US invests an extra $160 million in Colombia’s peace process | Land Portal | Securing Land Rights Through Open Data

The United States government announced on Monday it will invest another $160 million in Colombia’s ongoing peace process.

The announcement came during an event with the US Agency for International Development (USAID), where Director for International Development Administrator Mark Green told reporters in Bogota that the funds are meant for the “implementation of peace” and to formalize land ownership of small farmers.

These funds are destined for important work, for the implementation of peace, to promote reconciliation, to help rural communities, to improve security for citizens and to strengthen the protection of human rights.

USAID International Development Administrator Mark Green

The funds were announced alongside a binational agreement in which the US agreed to invest $754 million in development projects and just days after Ambassador Kevin Whitaker allegedly threatened cuts in aid funds.


US ambassador threatened aid cut if Colombia’s congress backs war crimes tribunal: report


President Ivan Duque said the funds for the peace process would primarily be put towards labor projects for former FARC fighters, many of whom still depend on government food supplies since they laid down there weapons three years ago.

Duque and US government officials also signed a joint statement to finalize the Mass Land Formalization and Cadastre pilot in Ovejas, Sucre.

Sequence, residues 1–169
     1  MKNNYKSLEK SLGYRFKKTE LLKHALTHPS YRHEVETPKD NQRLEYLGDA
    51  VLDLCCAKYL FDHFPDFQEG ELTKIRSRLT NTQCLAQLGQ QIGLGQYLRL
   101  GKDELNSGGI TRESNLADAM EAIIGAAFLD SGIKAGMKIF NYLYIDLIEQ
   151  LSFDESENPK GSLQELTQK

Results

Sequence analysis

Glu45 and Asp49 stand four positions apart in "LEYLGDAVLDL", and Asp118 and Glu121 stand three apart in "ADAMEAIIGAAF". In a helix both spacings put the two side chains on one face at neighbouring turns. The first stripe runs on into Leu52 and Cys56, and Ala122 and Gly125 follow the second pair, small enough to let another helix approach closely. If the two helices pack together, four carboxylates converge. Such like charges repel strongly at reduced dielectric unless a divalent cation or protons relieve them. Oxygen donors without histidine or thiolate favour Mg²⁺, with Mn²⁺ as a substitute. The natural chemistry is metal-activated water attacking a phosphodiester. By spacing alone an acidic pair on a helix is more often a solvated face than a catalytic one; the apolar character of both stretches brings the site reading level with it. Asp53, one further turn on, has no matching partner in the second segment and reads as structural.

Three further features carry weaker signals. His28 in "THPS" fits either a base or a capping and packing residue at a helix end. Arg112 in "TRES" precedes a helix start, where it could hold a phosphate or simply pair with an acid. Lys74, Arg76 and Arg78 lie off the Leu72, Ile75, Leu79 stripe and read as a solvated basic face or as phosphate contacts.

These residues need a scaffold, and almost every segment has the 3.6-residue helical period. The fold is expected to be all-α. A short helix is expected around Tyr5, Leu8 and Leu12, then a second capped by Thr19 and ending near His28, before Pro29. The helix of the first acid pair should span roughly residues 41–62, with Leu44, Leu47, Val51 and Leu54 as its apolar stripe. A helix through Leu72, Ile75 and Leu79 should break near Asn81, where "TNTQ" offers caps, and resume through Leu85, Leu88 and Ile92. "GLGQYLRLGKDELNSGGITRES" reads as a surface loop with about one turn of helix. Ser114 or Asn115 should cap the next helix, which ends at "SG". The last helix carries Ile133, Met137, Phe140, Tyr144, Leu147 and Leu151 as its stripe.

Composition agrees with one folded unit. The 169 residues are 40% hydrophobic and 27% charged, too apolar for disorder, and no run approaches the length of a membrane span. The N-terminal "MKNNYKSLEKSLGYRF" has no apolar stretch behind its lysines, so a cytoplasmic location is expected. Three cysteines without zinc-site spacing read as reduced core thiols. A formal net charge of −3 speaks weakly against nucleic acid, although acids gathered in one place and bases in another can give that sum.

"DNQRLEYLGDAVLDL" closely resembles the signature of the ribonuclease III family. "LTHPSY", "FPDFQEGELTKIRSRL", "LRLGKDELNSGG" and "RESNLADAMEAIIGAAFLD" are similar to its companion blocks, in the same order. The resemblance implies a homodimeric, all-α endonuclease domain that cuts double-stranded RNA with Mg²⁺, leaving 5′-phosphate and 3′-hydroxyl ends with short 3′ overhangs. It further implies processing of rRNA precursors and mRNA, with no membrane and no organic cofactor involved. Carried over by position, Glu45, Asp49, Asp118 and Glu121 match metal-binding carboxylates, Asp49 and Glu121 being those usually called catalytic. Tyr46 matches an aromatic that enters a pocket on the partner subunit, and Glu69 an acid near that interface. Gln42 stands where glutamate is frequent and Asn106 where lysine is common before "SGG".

Through this program, 2,900 landless farmers will receive land titles in a municipality where six out of 10 properties do not have title deeds to the land. The pilot is designed to rapidly clarify property rights, one of the principal causes of conflict while strengthening infrastructure and state presence in rural communities.

The new deals come at a time of high tensions between the two countries, after Whitaker’s threats to cut off aid and Constitutional Court judges saw their visas revoked amid a dispute over the extradition of war criminals.

 

To further complicate the bilateral relations, US President Donald Trump criticized his Colombian counterpart, claiming Duque “has done nothing” to curb an unprecedented rise in the cultivation of coca, the base ingredient for cocaine.

According to Colombia’s foreign minister, coca cultivation reached a record high in 2018 when 206,000 hectares of farmland were used to grow the illicit crop.

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